Blues Box

Blues Box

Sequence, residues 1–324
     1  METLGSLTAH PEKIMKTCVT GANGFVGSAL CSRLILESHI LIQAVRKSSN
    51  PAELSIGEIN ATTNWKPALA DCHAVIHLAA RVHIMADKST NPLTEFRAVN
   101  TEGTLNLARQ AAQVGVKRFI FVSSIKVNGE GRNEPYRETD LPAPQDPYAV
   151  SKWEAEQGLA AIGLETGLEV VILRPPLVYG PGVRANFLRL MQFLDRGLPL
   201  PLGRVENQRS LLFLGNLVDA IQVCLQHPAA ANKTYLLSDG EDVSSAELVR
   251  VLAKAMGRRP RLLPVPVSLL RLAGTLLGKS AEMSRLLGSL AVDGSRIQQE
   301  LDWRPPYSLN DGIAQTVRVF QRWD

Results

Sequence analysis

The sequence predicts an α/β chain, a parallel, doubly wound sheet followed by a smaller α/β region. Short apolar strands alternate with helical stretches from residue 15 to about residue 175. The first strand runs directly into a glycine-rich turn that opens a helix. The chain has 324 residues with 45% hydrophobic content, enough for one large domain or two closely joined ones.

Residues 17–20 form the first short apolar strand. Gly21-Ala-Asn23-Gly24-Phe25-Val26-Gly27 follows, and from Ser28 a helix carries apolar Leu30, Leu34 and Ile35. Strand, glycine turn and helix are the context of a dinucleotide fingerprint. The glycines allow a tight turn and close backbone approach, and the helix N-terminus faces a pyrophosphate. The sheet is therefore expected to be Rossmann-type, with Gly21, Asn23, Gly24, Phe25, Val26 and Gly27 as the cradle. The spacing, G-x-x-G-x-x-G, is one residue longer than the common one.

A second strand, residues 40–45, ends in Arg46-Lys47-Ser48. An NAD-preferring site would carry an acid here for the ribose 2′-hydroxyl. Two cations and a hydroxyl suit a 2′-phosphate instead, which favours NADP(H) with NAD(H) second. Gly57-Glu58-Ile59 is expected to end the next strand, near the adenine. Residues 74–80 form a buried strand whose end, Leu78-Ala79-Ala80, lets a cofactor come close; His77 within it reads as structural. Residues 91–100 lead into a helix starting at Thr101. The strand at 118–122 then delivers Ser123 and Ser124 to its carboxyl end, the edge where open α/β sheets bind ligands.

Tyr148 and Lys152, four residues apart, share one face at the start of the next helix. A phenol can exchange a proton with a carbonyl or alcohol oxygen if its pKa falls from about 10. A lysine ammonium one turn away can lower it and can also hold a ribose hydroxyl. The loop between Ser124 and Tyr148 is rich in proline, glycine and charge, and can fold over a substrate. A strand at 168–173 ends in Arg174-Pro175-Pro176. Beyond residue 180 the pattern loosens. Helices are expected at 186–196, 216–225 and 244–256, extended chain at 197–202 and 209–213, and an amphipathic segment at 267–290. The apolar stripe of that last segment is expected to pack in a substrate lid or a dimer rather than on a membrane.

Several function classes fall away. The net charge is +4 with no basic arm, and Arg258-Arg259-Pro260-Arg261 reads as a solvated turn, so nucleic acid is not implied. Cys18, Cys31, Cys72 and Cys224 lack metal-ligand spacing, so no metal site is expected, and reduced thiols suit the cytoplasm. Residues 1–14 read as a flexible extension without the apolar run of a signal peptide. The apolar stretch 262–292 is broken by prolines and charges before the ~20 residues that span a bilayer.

Gimme five. Five guitarists, that is. And start with the youngest, please. While Jake Andrews' self-titled sophomore release for TMG-Antone's isn't quite the soulful triumph that 1999's Time to Burn was, it's clear Andrews is doing just what a young guitarslinger should: exploring the rock horizon of music. Because Andrews grew up with the blues (his father was Mother Earth guitarist John "Toad" Andrews), his need to grow will naturally take him elsewhere. Produced by Carla Olson, Jake Andrews is closer to Ian Moore turf than the Chicago and Texas blues he's already proficient at, as songs like "No One Cries" and "The Bitter End" demonstrate. This isn't to say Andrews has left the blues behind -- "Matters of the Heart" and "Tell Me" attest to that -- but he's amped up his style with songs like "2 Dirty Dogs" and "Could Not Be Found." If this album isn't up to his debut, the 14 tracks still illustrate Andrews' growth as an up-and-coming player and a singer, with a fine, sweet tenor that will age nicely in years to come. Jake Andrews may or may not know how much he has in common with Jerry Lightfoot's soulful, rocking blues, even when the longtime local musician waxes country on his self-released new album, Texistentialism. Lightfoot's got at least three generations on Andrews, but it's the kind of solid experience that makes each cut resonate. With Carolyn Wonderland's gutsy vocals leading the way, Lightfoot's songs (he wrote all but two of the 10 cuts) don't vary much from the blues-rock mold of smokin' guitar and a lotta organ swells, but that's no complaint. If anything, it's too bad there's not more bands making music this solid and comfortable ("Down Highway 59," "Monkey Got a Gun"). Kudos for the stellar artwork from artist Jim Franklin, too. Omar & the Howlers are back, up from the bottom with their relentless, downbeat, wide as the Mississippi and stronger than its currents debut for Bay Area indie Blind Pig. For Big Delta, Omar's returned to his roots, re-styling previously recorded tunes of his ("Monkey Land," "Wall of Pride"), plus the occasional cover ("Mississippi Queen," "Linin' Track"). Big Delta owes much of its considerable mojo to the production team of Max Crace and Malcolm "Papa Mali" Welbourne, who make Omar's trademark shake, rattle & growl as potent as it's ever been. That "big leg beat" of his is hammered out by Terry Bozzio and Frosty, who split the drumming chores, and bassist Roscoe Beck, with some help from Papa Mali. Omar knows that a little bit o' hoodoo blues is good for the soul, ya know. Denny Freeman's silky sound is classic soul, and on Twang Bang (V8), he lets 13 self-penned instrumentals do the talking. Freeman can rock, roll, and shuffle like nobody's business; for those who don't know, he was the main guitarist for Paul Ray & the Cobras, both before and after a little showoff named Stevie Vaughan came along. The titles suggest a good humor, but the smooth melodies of "Melancholy Valentine," as beautiful an instrumental as has been written, and "Clem's Dilemma" hearken to Freeman's well-honed jazz sensibilities. Freeman self-produced this album, with help from Ron Rogers, and his fine, professional touch is apparent from twang to bang, thanks to accompaniment from the likes of drummer Clem Burke. 3 Balls of Fire aren't as blues-based as the other players here are, but guitarist Mike Vernon can match any of them for style and speed and proves it on his newest recording, FirePower (Deep Eddy). Like Freeman, Vernon plays with a lover's touch, expert, sure, slow, and meaningful. A pause isn't a pause, it's a sensual sustain and leaves the listener breathless. Vernon wrote eight of the 13 tracks here, and his languorous style is in top form ("Blue Tango," "Ulan-Bator," "Tenderly"). There's also a subtle tension, doubtless due to its recording in and around Sept. 11, 2001, but it serves to make the music taut and memorable ("Sea of Tranquility," "FirePower"). And what is it about instrumentals that lends them to whimsical titles ("Good Clone, Bad Clone," "Return to the Oort Cloud," "Bali Hi Skool"), the lack of allegiance to words? Who cares. If the music sounds good, that's all that matters, not words or the absence thereof. Just ask Andrews, Lightfoot, Omar, Freeman, and Vernon. And take all five.

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